The mobile telecommunication giant MTN has withdrawn its application, filed at the Supreme Court, for a review of its classification as a significant market power (SMP).
A statement issued by MTN said: “Scancom Plc (MTN Ghana) wishes to advise of its engagements with the National Communications Authority (NCA) in a concerted effort to settle the procedural and administrative legal challenge concerning the NCA’s declaration of MTN Ghana as a significant market power (SMP).”
The statement further said that, given the progress made so far in good faith on settlement discussions with the NCA and the Ministry of Communications, the company has withdrawn its application, filed at the Supreme Court on 4 September 2020.
MTN believes its latest action will pave the way for further discussions and an amicable resolution in the spirit of the renewed channels of engagement.
“MTN Ghana identifies that a collective goodwill and commitment is necessary to help the entire industry thrive and support the government’s agenda to enhance connectivity and the availability of communication services in the country,” the statement said.
The company believes the decision to withdraw the case is in the interests of its customers and shareholders.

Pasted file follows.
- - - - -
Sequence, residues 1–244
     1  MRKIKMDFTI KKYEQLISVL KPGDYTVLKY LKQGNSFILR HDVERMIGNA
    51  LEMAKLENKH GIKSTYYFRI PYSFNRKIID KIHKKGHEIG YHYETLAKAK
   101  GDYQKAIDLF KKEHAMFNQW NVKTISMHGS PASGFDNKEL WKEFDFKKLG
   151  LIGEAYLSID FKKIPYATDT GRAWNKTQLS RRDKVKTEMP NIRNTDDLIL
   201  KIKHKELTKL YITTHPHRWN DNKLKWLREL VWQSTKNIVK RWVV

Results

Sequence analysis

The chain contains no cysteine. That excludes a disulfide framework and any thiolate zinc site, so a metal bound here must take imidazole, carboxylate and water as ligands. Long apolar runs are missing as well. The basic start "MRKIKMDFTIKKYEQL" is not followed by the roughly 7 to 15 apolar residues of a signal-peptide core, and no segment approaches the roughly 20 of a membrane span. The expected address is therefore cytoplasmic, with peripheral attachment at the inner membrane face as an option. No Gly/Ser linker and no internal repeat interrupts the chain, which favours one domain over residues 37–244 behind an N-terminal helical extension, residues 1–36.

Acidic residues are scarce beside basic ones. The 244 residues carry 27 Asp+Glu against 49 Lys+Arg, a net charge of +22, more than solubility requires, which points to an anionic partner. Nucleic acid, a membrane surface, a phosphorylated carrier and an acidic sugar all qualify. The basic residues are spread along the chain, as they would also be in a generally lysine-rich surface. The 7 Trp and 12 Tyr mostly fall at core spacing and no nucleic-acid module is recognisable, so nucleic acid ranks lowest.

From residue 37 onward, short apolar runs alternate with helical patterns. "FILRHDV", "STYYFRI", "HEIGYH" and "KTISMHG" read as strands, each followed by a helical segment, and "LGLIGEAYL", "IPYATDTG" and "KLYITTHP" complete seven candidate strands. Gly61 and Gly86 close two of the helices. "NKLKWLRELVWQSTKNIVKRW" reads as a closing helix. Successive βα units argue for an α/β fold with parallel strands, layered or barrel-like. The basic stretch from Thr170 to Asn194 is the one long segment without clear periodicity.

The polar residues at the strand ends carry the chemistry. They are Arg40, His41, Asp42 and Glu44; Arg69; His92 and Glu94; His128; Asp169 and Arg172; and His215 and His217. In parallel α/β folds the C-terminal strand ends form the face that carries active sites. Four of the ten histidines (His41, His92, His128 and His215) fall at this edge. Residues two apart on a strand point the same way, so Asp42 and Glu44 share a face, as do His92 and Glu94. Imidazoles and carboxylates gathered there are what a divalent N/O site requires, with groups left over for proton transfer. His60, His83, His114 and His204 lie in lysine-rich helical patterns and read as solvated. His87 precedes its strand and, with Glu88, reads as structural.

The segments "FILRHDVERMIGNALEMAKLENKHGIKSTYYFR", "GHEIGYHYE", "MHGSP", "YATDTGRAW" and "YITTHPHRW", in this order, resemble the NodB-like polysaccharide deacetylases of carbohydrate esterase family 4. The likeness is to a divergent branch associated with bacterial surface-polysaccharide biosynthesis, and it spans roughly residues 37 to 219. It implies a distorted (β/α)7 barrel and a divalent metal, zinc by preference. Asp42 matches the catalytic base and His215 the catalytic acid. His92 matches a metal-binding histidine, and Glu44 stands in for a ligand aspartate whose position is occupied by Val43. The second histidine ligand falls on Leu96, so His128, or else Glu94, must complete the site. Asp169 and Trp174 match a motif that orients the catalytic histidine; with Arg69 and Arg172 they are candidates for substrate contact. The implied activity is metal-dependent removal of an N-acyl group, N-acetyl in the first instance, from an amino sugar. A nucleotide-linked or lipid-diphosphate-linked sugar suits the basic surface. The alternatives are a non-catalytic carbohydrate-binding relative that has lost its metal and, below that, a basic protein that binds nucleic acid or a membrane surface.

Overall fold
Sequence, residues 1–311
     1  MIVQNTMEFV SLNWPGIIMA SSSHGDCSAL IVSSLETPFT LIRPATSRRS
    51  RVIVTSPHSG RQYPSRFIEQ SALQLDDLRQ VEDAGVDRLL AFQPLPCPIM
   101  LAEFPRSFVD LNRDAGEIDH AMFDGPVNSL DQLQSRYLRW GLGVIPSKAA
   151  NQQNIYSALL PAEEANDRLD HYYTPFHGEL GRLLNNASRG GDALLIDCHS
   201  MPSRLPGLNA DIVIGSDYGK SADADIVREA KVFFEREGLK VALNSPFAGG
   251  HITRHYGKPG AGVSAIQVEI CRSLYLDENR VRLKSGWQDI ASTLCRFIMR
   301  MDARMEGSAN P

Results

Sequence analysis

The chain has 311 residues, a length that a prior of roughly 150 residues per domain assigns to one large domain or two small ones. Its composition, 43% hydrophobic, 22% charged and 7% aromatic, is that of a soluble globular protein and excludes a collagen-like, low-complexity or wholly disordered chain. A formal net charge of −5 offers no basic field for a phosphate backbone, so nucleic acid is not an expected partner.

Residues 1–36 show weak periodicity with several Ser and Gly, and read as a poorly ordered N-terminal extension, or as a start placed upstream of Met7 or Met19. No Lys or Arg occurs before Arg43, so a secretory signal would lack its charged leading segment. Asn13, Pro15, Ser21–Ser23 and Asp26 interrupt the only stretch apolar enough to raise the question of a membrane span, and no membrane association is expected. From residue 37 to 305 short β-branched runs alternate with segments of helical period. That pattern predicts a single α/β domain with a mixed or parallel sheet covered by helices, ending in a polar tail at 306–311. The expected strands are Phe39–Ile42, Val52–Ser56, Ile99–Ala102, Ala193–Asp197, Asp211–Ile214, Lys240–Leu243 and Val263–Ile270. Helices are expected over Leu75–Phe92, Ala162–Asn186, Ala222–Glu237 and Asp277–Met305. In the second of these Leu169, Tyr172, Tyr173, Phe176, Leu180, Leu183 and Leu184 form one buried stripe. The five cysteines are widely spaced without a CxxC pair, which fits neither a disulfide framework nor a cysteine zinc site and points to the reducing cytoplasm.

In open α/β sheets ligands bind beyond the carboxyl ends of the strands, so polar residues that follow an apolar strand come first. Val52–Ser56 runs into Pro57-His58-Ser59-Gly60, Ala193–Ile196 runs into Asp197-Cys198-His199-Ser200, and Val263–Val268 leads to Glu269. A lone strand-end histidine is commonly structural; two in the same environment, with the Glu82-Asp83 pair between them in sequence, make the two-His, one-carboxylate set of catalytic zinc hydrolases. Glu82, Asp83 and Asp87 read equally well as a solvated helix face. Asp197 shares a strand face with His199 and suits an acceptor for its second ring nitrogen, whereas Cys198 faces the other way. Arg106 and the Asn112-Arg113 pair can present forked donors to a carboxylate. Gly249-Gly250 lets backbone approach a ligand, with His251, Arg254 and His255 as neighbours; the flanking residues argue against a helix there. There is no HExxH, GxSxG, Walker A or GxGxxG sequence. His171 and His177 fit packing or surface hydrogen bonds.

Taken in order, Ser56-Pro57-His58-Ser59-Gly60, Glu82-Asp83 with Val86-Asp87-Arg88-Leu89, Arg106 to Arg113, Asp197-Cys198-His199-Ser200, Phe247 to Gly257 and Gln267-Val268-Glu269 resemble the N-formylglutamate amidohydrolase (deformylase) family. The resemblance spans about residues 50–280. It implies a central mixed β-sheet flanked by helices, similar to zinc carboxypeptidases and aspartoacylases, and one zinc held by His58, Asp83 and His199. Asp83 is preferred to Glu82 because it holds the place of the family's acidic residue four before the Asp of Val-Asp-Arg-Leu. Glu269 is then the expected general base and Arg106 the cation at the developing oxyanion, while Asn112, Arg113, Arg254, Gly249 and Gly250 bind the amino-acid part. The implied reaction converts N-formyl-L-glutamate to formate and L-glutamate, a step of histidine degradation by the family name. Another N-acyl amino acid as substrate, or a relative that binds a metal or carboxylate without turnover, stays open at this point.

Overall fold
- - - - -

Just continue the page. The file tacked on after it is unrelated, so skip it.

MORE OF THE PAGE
“We are convinced that this decision is in the best interest of our cherished customers, shareholders and other stakeholders. MTN Ghana would like to reassure its cherished customers and shareholders that our commitment to the delivery of a bold new digital world in Ghana continues to be resolute.”
The telco says it remains focused on providing the enabling technology to support Ghana’s digital economy through partnerships
MTN applied to the Supreme Court for a review of the high court ruling regarding the declaration that it wields significant market power.
In June, the Communications Ministry served notice that it will implement a raft of policies that will reduce the market dominance of the country’s largest mobile network operator, MTN.
A statement issued by the ministry accused MTN, operated by Scancom, of using its market size to exploit consumers, among other problems.
It added that corrective measures would be pursued to ensure fair competition for other telcos.